Friday, June 28, 2019

Esse Est Percipi or Not?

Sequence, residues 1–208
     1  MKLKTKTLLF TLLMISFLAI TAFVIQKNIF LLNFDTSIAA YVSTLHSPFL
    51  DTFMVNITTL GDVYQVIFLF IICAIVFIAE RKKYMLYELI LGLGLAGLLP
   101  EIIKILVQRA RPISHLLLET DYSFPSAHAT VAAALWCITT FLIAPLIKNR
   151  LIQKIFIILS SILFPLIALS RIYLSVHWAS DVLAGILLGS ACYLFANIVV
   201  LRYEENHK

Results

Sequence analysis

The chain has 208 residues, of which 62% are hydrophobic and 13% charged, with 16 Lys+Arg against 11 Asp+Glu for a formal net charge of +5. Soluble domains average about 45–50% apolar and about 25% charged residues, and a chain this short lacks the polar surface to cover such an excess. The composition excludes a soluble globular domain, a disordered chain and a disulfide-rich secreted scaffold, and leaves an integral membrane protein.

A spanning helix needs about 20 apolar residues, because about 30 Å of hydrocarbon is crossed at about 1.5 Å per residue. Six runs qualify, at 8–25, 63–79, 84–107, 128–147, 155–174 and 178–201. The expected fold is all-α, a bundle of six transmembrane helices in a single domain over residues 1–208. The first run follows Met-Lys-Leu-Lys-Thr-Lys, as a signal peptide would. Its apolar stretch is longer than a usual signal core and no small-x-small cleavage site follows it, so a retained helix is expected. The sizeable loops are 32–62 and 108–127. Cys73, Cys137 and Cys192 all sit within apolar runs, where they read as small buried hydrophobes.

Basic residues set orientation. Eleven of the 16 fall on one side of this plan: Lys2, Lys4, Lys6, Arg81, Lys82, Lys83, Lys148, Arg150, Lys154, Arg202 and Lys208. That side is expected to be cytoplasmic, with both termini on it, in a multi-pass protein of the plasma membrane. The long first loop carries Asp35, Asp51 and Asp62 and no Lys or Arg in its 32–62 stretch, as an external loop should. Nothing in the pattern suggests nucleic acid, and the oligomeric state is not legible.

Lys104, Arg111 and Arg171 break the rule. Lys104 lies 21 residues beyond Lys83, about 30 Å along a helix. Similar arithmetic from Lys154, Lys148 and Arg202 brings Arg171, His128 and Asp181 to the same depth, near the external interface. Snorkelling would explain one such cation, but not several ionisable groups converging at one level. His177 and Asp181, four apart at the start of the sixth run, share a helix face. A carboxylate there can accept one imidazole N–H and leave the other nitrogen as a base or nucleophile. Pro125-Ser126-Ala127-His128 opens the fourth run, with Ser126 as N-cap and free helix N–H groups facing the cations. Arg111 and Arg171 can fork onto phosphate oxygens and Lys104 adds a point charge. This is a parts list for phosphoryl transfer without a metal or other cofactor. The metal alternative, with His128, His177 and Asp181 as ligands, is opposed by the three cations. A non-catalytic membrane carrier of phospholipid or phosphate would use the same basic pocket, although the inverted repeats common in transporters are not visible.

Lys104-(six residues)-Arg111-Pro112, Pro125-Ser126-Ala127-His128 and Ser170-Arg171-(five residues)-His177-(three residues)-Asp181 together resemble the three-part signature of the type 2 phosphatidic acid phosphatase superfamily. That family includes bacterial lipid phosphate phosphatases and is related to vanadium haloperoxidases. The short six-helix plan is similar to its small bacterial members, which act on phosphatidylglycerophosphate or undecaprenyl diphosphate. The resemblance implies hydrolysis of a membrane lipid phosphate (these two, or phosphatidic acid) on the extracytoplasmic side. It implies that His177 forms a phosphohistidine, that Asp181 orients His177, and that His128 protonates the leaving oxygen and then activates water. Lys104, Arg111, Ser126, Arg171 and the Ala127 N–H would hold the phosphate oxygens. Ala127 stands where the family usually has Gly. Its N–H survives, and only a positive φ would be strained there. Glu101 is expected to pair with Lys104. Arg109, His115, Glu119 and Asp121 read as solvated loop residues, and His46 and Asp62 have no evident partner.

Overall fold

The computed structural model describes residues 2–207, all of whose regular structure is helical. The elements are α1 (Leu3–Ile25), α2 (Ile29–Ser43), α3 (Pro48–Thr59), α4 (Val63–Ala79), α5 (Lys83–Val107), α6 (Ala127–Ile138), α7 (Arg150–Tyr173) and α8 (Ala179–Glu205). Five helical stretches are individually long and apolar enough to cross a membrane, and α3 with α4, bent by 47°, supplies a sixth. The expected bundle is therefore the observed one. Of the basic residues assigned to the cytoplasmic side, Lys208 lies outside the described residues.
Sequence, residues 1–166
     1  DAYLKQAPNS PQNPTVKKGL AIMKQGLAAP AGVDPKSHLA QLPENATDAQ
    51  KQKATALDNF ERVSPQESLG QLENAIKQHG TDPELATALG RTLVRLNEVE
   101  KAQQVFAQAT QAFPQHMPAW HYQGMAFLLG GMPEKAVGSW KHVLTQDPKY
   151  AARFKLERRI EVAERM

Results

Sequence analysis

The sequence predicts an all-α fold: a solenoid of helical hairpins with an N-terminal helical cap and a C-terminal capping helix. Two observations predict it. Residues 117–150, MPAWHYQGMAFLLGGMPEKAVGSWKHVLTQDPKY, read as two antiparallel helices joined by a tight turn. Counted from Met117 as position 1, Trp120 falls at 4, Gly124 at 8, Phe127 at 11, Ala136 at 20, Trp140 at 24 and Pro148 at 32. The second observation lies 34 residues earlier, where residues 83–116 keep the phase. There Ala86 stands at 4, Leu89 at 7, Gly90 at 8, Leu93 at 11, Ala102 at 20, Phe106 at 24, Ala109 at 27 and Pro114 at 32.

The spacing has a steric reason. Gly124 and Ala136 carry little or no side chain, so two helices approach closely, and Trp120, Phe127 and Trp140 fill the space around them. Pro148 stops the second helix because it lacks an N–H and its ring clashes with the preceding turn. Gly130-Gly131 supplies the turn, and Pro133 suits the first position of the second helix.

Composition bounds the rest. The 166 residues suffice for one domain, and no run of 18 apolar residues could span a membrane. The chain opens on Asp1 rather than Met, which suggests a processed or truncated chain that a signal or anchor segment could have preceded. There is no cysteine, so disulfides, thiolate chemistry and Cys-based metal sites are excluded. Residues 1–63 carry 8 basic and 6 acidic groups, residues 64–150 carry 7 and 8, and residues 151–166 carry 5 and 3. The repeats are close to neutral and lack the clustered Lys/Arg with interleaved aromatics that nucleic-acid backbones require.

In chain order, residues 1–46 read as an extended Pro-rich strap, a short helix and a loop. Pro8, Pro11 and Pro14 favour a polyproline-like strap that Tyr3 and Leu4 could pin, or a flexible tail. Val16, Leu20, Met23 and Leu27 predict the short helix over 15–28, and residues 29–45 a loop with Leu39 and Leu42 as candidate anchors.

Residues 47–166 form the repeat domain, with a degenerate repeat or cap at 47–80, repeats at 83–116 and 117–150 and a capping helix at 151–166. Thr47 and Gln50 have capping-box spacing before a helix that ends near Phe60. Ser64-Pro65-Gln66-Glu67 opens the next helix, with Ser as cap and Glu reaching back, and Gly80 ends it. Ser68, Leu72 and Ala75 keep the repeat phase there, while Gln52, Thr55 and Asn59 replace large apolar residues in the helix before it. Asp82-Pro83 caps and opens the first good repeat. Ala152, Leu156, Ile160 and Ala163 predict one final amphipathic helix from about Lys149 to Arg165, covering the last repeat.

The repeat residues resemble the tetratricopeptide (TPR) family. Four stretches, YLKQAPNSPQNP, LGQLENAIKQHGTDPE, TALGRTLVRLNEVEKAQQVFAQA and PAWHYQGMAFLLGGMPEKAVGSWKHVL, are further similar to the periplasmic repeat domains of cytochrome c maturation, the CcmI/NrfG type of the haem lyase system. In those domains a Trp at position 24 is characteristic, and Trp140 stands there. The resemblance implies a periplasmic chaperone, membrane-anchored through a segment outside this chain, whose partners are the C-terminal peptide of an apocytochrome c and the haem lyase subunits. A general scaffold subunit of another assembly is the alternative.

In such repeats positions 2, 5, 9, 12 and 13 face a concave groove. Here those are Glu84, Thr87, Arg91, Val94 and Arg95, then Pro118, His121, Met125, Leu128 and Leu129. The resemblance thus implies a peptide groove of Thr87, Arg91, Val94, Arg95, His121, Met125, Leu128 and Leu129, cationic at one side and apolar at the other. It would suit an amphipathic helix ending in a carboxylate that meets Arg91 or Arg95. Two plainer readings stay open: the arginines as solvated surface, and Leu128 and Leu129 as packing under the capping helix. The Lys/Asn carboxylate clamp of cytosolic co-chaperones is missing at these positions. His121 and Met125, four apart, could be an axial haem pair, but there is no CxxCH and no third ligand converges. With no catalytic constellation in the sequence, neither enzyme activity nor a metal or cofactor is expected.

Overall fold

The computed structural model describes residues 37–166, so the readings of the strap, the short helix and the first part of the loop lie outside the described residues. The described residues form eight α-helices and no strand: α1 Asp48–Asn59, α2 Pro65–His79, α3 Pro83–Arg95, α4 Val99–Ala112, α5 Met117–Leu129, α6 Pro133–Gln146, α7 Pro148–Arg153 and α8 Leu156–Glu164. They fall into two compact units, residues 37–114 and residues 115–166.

There’s a Twilight Zone (“Shadow Play” episode 62, 5/5/61) where a condemned man pleads for his life on the theory that the world will cease to exist when he’s no longer there to conceive it. It’s a classic exercise in solipsism, containing within it the fallacy of the philosophical position. If the world only exists in the prisoner’s head then he has no case—since it doesn’t exist to begin with and nothing is lost. The concluding voice over runs thusly, “We know that a dream can be real, but who ever thought that reality could be a dream? We exist, of course, but how, in what way? As we believe, as flesh-and-blood human beings, or are we simply parts of someone’s feverish, complicated nightmare?” But what if the nature of reality is that humans dream their separate realities, somewhat like babies incubating? What if the dreams contain similarities, but essentially have nothing to do with each other? Soma is the drug that is given to dull pain in Brave New World, but imagine existence as a long sleep, in which the human being is hooked up to a drip before he or she ever has a chance to live out any dream. There are many variations on the theme of subjectivity. Bishop Berkeley famously said esse est percipi, “to be is to be perceived”--which is also the epigraph for Samuel Beckett's Film. But the notion of parallel dreamers, locked in their private worlds, is curiously close to everyday life, where most people experience similar realities often in radically different ways.

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